Cash on Delivery Aid

By Felix Salmon
February 18, 2010
Nancy Birdsall's idea of "Cash on Delivery Aid" a lot. Instead of spending money on building schools or hiring teachers or any other means towards an educational end, just pay for outputs instead:


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I like Nancy Birdsall’s idea of “Cash on Delivery Aid” a lot. Instead of spending money on building schools or hiring teachers or any other means towards an educational end, just pay for outputs instead:

We propose that donors offer to pay recipient governments a fixed amount for each additional unit of progress toward a commonly agreed goal, e.g. US$200 for each additional child who takes a standardized test at the end of primary school. That is, the donors pay “cash” only upon “delivery” of the agreed outcome. The key features of this proposal are: (1) the donor pays only for outcomes, not for inputs, (2) the recipient has full responsibility for and discretion in using funds, (3) the outcome measure is verified by an independent agent, (4) the contract, outcomes and other information must be disseminated publicly to assure transparency, and (5) this approach is complementary to other aid programs.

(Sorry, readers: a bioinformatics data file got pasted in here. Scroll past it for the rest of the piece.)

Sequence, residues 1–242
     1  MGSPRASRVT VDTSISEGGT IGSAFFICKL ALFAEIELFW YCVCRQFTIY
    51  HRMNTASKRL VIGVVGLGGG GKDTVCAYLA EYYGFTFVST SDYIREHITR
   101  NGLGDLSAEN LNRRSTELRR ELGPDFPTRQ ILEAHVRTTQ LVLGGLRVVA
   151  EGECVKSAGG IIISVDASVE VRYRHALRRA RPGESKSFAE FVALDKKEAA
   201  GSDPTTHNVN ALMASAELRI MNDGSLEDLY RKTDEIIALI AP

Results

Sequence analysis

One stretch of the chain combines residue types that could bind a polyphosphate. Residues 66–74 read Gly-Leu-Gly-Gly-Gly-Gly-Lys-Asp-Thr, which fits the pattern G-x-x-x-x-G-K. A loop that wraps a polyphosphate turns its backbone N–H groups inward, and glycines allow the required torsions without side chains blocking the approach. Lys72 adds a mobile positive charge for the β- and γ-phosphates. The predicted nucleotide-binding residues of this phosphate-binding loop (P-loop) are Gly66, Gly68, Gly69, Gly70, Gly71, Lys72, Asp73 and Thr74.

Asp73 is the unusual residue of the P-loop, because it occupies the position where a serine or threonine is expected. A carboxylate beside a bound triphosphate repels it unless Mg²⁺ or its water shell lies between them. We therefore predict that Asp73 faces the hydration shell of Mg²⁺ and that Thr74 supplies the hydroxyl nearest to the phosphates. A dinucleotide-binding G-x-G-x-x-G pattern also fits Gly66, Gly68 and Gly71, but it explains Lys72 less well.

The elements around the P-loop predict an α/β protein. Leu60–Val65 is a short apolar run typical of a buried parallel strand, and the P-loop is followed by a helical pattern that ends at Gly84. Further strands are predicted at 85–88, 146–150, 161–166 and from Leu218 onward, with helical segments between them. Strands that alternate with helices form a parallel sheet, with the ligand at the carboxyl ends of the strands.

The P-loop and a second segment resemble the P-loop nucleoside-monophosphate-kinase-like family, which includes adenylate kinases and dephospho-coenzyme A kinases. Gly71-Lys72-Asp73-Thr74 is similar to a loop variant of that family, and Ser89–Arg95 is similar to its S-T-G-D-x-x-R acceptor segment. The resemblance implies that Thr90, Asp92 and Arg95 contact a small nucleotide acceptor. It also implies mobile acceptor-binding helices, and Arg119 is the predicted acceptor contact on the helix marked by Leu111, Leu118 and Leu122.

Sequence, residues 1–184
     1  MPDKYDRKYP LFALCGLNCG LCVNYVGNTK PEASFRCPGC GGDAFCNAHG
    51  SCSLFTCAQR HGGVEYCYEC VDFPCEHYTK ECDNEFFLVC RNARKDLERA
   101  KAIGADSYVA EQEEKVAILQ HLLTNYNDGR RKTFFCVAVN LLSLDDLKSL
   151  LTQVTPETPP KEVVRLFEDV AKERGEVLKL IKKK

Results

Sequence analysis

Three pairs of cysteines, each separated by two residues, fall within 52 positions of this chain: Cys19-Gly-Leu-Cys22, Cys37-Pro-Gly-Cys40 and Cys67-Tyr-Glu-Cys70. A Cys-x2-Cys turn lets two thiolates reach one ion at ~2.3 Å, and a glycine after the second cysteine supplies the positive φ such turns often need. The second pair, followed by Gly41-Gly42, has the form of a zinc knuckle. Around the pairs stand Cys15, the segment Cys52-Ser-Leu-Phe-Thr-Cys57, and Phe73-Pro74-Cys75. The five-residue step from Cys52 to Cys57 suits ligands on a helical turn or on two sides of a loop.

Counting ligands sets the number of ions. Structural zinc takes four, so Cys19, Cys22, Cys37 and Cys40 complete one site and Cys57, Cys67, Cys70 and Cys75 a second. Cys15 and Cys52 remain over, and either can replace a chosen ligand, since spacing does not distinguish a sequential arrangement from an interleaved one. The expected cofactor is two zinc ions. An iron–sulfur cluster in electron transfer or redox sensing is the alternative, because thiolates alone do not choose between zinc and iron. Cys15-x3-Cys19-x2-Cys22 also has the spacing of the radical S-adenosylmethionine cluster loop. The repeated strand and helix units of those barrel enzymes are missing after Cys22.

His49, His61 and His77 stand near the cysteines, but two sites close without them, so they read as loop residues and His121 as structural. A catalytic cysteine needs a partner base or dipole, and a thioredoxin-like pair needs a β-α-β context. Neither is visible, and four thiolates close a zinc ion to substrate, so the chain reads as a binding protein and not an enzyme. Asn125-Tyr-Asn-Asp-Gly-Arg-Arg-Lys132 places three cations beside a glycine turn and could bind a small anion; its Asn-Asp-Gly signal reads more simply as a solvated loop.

If a prize-based approach is a good idea for things like vaccines, why can’t it work with education, and other areas with clearly-definable and measurable outputs?

To spur government action and allow for civil society to participate in bringing about change, each COD Aid contract (as designed) would rely on a single, measurable goal; e.g. children completing primary school or households with access to clean water. Choosing an indicator that is simple, central to people’s lives, and easily auditable, Nancy says, is critical to the success of a COD Aid model.

The problem with this model is I think at the donor end: the government can spend the money on anything it likes, from kickbacks to Kalashnikovs, and people — and even governments — donating money for early-childhood education or clean water don’t like risking their money being spent elsewhere. But Nancy has a 100-page book coming out on the subject; maybe that might help to change some minds.

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